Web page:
EEF Blog: Teacher training - the challenge of change
Why do programmes teachers believe are beneficial not always convert into improved results for their pupils? The EEF's head of programmes Eleanor Stringer explores...
“I think it’s the best training I’ve ever been on … I feel much more confident – when speaking to staff as well … and explaining it in a way that they can then teach it.”
Those are the words of an experienced teacher, a subject coordinator, who participated in a recent EEF trial.*
I’m glad that they enjoyed the training, and I hope that it led to improved teaching in their school. But the results from our trial of the programme they were delivering suggest that – overall, on average – attainment outcomes for pupils in the half of schools who received it were no different to those in the other half of schools which didn’t receive this inspirational training.
The feedback provided by this teacher is similar to that found in the majority of the 100+ EEF-funded projects which have so far completed. Yet the rigorous independent evaluations we fund find positive impacts on attainment outcomes in only around one-quarter of EEF trials.
What’s with the mismatch? Why do programmes teachers feel are beneficial not always convert into improved results for their pupils?
There could be any number of explanations. Teachers may genuinely learn lots from the CPD on offer in many of our funded programmes. Or they may be saying particularly positive things to be polite (though our insistence that evaluators are wholly independent of the project deliverer aims to overcome this). Or our trials may be failing to detect genuine improvements in learning, improvements that are not converted into the attainment outcomes we're measuring.
I have a particular hypothesis. People often like exciting new things – the ‘novelty value’ of trying out something different – and especially if they know it’s being tested because it’s a programme which may boost attainment.
But I think change – real change, which is positive and endures – only comes about through challenging existing practice and a concerted focus on changing old behaviours and embedding new ones. And this can be where the ‘novelty value’ wears off because that kind of change can be difficult and uncomfortable. It is sometimes said that “learning happens when pupils have to think hard”; perhaps the equivalent in professional development is being properly challenged.
To make the point in a different way, here’s a counterexample.
The independent evaluation of our trial of Embedding Formative Assessment, based around ongoing professional development about a cornerstone of good teaching – formative assessment – found positive impacts on GCSE outcomes. Though relatively modest in size, it’s very rare to find programmes which boost grades in Key Stage 4, so, for us, it was an exciting finding!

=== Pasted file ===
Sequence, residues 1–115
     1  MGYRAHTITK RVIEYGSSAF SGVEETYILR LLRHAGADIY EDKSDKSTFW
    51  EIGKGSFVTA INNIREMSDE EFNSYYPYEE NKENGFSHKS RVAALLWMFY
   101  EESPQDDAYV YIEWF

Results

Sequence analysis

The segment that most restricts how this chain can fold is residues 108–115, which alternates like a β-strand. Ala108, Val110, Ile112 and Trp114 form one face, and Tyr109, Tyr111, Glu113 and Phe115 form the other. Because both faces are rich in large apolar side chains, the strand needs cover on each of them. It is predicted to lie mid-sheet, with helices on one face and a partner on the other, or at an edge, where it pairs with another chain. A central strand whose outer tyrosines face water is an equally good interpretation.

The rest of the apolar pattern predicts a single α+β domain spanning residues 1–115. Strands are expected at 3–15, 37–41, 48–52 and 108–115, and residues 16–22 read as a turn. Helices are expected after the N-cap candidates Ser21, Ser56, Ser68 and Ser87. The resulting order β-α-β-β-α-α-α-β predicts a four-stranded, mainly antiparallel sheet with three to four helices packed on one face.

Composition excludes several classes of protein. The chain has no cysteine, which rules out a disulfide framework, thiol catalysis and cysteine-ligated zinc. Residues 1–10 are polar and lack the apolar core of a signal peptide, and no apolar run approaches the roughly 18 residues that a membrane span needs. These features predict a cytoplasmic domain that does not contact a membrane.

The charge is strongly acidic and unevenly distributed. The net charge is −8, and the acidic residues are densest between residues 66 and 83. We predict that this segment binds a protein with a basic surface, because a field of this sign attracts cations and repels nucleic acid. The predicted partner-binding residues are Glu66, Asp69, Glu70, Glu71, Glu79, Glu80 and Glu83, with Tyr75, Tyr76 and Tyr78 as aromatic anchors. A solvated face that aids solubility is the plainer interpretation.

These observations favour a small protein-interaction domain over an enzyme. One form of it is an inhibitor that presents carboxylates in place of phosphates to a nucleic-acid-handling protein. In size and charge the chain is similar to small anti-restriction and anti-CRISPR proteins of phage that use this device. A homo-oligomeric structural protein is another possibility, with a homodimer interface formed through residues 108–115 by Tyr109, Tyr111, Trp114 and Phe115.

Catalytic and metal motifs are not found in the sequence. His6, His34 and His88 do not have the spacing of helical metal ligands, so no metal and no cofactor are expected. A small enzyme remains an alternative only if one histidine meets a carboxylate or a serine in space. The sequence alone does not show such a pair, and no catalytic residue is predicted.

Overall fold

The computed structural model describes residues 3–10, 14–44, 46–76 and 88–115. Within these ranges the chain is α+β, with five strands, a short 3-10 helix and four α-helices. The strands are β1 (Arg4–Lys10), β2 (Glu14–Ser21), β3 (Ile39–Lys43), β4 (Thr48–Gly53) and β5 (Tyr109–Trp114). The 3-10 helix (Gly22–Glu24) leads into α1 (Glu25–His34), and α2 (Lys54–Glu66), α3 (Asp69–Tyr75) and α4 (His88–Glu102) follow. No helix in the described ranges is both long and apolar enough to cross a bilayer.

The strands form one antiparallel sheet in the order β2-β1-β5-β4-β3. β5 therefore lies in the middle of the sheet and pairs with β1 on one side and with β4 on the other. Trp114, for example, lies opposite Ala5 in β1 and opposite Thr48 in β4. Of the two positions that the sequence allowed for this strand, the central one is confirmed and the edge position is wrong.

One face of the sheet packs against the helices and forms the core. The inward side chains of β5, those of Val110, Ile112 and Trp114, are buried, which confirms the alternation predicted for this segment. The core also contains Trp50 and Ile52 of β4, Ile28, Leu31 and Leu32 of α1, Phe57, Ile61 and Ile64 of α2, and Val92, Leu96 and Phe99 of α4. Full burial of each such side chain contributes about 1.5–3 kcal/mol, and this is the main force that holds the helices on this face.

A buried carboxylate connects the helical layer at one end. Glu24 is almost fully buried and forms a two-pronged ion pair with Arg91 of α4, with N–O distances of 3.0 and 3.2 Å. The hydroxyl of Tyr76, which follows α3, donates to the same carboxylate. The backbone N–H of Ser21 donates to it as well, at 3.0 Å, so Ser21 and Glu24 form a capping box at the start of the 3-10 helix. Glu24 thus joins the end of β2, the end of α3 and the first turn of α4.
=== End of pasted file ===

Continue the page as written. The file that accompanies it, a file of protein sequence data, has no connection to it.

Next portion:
However, that feeling wasn’t one necessarily shared by all the teachers when delivering the programme. Some felt that it was repetitive, that it wasn’t telling them anything new – “I would imagine every school will have developed those strategies already”.
Given how important assessment is, there is always room for teachers to discuss their practice and make improvements, however marginal. And this study suggests doing so improves results.
But it is not necessarily going to inspire teachers in the way that a snazzy new teaching approach might. Instead, it's going to require regular reflection on whether teachers really know what understanding your pupils have about what you’re teaching, and what you can do to support them in getting better at applying this knowledge. Such reflection and focus can be challenging.
Another counter-example is one of our most promising early years programmes, Nuffield Early Language Intervention (NELI).
Built on high-quality research about how to support oral language development in young children, the programme trains teaching assistants to deliver a carefully designed, manualised intervention for pupils identified as most likely to be benefit.
The independent evaluation from our first trial found that, while schools saw the benefit, they also felt that the programme was “onerous and resource-intensive”, and “too time consuming”. Yet it yielded positive impact on pupils’ language skills which we found were being sustained six months after the programme had concluded. So while the programme may be hard work to do properly it appears to be well worth it.
True, I’ve picked examples at either end of the spectrum here. There are many evaluation reports of EEF trials in which teacher feedback was ambivalent and consistent with the lack of impact found on attainment outcomes. And, indeed, others with positive impacts that teachers liked immensely.
But it’s worth bearing in mind; the most promising programmes – the ones most likely to improve outcomes, but which, in turn, require time and sustained effort – may not always be those that teachers find the most enjoyable.
* I’ve not named the trial, because I don’t mean to pick on it, and there may be other reasons why we didn’t see an impact – it’s just an example.